19. Jamessquared

    Jamessquared Nat Pres stalwart

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    The April 1946 specification from the Traffic Manager was as follows:

    Routes and weights to be hauled:
    Plymouth to Tavistock or Okehampton: 256 tons
    Okehampton to Halwill Junction and Bude: 256 tons
    Banstaple and Ilfracombe: 325 tons
    Exeter and Exmouth: 384 tons
    Bournemouth and Swanage: 320 tons
    Brookwood (or similar stabling grounds) to Waterloo: 450 tons
    Speed of trains: 50 - 60 miles per hour
    Distance to be run between taking water and coal: 60 miles for water and 120 miles for coal.
    That usage is primarily in the West Country, with the addition of empty stock trains into Waterloo.

    It is not clear to me where the Traffic Manager got that requirement from (Was it a genuine requirement? Was it almost a challenge to Bulleid to produce something unproduceable? Or did OVSB say "here's what I can do" and the Traffic Manger signed it off?) But it is pretty clear at that point what was being asked for was not just an M7 replacement: you are getting towards Light Pacific territory with that specification, certainly a powerful Class 4. (325 tons between Barnstaple and Ilfracombe looks particularly challenging: given I think Light Pacifics were limited to about 200 tons unaided I think - were they counting on the superior adhesion of the Leader?)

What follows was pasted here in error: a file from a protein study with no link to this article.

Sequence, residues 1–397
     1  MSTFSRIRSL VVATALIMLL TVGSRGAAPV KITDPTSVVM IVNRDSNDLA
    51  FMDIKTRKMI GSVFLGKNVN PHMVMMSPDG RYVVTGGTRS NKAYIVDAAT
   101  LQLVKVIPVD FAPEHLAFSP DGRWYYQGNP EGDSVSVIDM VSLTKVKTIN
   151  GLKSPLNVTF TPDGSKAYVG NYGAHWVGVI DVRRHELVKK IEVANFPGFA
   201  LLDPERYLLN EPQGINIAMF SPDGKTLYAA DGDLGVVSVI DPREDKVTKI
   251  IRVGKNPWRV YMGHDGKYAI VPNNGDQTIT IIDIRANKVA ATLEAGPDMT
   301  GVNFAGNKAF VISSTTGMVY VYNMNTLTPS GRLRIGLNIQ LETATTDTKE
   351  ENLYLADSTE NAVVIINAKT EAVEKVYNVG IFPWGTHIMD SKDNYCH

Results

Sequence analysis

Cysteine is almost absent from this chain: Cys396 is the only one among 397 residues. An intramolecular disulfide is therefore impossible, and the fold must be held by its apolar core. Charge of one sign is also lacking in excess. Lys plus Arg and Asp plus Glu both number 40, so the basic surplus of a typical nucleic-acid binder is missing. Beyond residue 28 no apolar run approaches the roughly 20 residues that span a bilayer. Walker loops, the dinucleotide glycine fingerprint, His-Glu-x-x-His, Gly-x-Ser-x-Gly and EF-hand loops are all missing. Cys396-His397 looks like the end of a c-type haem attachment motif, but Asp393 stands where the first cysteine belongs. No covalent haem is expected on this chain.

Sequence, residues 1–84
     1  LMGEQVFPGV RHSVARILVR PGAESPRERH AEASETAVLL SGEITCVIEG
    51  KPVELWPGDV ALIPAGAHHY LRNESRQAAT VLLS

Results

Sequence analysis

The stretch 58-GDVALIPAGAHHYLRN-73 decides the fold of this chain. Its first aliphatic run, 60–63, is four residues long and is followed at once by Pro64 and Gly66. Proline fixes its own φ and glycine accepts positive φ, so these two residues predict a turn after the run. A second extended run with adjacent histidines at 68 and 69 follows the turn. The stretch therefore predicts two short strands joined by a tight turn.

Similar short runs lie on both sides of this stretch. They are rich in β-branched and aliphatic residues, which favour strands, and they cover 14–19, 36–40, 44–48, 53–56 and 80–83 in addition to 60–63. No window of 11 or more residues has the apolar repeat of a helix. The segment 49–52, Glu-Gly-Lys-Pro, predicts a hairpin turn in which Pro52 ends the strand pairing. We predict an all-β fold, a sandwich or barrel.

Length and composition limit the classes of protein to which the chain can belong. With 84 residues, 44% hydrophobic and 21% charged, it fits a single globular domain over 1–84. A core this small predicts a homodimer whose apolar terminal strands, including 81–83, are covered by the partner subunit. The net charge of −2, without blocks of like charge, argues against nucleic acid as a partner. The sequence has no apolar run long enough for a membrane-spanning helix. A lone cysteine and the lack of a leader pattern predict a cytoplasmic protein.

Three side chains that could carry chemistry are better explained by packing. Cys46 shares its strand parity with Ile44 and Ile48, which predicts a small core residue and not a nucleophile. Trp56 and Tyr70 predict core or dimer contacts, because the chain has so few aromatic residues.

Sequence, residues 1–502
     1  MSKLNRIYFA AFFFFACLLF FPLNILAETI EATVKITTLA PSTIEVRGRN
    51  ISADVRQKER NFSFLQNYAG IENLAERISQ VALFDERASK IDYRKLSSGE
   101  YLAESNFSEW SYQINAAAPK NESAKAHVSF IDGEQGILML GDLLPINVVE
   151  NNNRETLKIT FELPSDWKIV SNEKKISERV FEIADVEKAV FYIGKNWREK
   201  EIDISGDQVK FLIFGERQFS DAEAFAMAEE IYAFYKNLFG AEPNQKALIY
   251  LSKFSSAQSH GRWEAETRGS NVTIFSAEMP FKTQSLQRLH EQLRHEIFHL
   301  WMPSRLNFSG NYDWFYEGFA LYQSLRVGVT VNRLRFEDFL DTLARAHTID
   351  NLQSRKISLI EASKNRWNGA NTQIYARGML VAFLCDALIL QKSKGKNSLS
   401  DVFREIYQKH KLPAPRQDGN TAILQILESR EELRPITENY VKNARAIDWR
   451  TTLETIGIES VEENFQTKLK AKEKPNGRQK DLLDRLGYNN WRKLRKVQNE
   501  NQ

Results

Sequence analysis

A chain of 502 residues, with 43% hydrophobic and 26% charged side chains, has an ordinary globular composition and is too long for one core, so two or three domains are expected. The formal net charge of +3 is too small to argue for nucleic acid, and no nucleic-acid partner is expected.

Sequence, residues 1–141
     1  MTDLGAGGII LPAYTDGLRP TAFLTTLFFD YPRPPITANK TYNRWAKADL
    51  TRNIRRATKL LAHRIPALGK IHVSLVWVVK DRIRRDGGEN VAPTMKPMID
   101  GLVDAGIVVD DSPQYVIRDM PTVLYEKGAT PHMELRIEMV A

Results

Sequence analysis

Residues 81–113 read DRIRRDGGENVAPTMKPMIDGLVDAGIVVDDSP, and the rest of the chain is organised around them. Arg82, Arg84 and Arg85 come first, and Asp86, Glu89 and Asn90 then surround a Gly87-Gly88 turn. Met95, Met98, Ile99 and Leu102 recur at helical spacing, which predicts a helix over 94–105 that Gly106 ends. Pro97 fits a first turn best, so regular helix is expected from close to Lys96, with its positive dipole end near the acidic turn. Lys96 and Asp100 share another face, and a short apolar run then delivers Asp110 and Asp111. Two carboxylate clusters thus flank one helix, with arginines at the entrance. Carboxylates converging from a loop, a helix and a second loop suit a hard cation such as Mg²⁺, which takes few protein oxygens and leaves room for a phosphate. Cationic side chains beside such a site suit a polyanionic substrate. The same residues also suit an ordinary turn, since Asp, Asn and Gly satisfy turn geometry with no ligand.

Tom
     
  20. Jamessquared

    Jamessquared Nat Pres stalwart

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    I've never seen anything as to how the SR did that sort of accounting (there's an avenue for study, @S.A.C. Martin ...) As a general rule, modern replacements tended to be bigger that the engines they directly replaced: for example, the logical replacement of a 60 ton M7 is a 75 ton 82xxx or 85 ton 80xxx. the bigger loco is more capable, but you still fundamentally need one new replacement for one old retiree -- unless the availability is markedly better -- simply because the same number of duties need to be covered. The 80xxx may make light work of the duties that the M7 is maxed out on, but that doesn't enable you to run the train with only three quarters of an 80xxx ... Of course, in the summer a Bulleid Pacific might have been able to cover for two elderly 4-4-0s; but in the winter with lighter trains it is still a 1:1 replacement, just with plenty of power in hand.

    Tom